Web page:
Protection Against Programmed Electrical Stimulation-Induced Ventricular Tachycardia and Sudden Cardiac Death by NE-10064, a Class III Antiarrhythmic Drug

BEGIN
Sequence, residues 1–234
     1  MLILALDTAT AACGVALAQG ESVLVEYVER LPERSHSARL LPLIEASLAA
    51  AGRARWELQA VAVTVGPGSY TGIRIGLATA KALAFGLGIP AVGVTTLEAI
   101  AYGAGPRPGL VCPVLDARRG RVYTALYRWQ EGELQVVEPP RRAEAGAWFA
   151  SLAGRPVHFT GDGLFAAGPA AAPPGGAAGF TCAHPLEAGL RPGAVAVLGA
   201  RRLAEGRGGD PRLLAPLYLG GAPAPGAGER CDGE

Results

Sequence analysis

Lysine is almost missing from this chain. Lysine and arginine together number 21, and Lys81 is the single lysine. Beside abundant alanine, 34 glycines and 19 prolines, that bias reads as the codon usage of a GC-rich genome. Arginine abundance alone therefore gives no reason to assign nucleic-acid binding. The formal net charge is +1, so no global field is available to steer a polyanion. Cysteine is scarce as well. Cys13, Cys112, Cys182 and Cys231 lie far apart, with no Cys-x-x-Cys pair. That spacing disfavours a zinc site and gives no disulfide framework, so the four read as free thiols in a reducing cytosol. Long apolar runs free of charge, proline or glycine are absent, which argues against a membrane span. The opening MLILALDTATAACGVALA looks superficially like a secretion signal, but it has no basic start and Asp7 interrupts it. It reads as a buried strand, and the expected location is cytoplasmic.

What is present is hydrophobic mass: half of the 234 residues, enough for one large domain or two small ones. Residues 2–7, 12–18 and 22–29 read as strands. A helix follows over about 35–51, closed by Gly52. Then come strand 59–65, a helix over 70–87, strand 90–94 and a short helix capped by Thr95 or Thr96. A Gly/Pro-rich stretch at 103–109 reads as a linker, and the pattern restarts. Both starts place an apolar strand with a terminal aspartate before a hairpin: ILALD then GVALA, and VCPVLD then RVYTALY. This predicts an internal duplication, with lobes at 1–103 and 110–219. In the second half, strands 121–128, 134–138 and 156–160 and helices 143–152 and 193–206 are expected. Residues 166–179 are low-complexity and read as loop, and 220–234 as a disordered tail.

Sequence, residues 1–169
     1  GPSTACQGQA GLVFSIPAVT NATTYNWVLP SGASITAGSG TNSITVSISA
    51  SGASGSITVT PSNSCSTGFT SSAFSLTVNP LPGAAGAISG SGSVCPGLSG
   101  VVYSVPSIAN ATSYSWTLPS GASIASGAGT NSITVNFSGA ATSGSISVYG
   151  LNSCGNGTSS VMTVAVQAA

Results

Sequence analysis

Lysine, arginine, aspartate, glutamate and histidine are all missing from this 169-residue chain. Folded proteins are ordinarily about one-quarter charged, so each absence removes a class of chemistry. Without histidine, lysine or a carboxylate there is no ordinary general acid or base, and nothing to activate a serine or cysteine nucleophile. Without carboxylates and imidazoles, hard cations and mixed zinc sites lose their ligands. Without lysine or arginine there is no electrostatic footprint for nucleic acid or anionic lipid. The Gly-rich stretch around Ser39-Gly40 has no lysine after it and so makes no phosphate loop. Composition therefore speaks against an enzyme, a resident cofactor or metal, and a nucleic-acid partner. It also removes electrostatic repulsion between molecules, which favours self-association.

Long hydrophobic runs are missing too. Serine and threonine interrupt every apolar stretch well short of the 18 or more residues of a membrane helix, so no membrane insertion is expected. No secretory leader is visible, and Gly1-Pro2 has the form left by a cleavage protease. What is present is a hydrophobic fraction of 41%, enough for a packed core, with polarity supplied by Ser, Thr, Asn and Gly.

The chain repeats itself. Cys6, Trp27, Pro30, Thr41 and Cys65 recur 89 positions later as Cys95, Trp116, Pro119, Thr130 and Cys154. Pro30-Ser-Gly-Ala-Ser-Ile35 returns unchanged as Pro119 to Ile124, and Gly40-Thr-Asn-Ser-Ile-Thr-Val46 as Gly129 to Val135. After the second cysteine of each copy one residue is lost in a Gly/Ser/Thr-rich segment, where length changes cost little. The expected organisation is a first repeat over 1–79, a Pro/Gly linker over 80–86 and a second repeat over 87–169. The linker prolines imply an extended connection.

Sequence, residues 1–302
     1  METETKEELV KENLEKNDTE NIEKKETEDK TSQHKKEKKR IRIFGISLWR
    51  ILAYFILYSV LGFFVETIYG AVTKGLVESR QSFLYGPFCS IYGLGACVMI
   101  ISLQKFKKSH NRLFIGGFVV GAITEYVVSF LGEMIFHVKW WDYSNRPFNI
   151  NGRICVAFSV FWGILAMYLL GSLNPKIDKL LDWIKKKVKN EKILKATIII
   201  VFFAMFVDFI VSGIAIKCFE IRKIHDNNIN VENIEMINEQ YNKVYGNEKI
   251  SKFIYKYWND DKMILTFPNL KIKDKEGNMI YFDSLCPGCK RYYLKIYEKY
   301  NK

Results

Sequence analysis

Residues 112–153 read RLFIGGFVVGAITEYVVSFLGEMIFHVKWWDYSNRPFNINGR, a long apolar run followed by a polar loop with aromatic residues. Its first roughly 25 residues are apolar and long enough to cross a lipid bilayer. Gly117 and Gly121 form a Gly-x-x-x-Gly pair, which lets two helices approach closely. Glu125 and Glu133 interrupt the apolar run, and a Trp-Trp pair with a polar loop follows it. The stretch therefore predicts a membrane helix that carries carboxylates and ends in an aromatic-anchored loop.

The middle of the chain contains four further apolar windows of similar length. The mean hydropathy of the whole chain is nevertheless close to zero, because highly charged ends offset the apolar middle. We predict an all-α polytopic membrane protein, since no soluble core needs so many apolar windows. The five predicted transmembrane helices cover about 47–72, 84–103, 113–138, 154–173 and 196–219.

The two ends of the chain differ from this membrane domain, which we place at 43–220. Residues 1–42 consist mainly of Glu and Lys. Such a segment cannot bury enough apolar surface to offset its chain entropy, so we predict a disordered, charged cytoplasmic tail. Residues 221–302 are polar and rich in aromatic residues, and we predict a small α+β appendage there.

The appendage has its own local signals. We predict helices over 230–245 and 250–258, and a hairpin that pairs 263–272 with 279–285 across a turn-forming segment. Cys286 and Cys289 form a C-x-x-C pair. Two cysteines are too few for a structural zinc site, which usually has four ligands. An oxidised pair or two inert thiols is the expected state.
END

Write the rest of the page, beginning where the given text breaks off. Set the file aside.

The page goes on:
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The electrophysiologic and antifibrillatory properties of NE-10064 were studied in vivo in a conscious canine model of sudden cardiac death. Purpose bred male mongrel dogs weighing 14.5-21.5 kg were anesthetized, and surgical anterior myocardial infarction (MI) was induced by a 2-h occlusion, with reperfusion, of the left anterior descending coronary artery (LAD). Three to 5 days after induction of anterior wall MI, animals were subjected to testing by programmed electrical stimulation (PES). As compared with predrug incidence (12 of 12), NE-10064 (10 mg/kg intravenously, i.v.) reduced (p<0.05) the incidence (8 of 12) of PES-induced ventricular tachycardia (VT). All but 1 control animal remained inducible after vehicle (5% dextrose in water). The cycle length of induced VT was not prolonged by NE-10064 (0.245 ± 0.046 s predrug vs. 0.301 ± 0.060 s postdrug). NE-10064 increased ventricular effective refractory period (VERP 166 ± 5 ms predrug vs. 194 ± 13 ms postdrug, p=0.013), prolonged QTc interval (310 ± 12 ms predrug vs. 350 ± 16 ms postdrug, p=0.004) and prolonged the effective refractory period (ERP) of noninfarcted myocardium (p=0.045). The drug did not affect ECG-indexes of conduction velocity: QRS and P-R intervals were not affected, nor were activation delay and conduction time of noninfarcted and infarcted myocardium. In the sudden cardiac death protocol, NE-10064 protected (p=0.018) against ischemia-induced ventricular fibrillation (VF, 75% survival with drug vs. 25% survival without drug). NE-10064 afforded protection (p=0.040) throughout 14 h posterolateral ischemia in the presence of the previous anterior infarct. The data show that the antiarrhythmic activity of NE-10064 was associated with a significant antifibrillatory effect that may be related to its class III electrophysiologic actions

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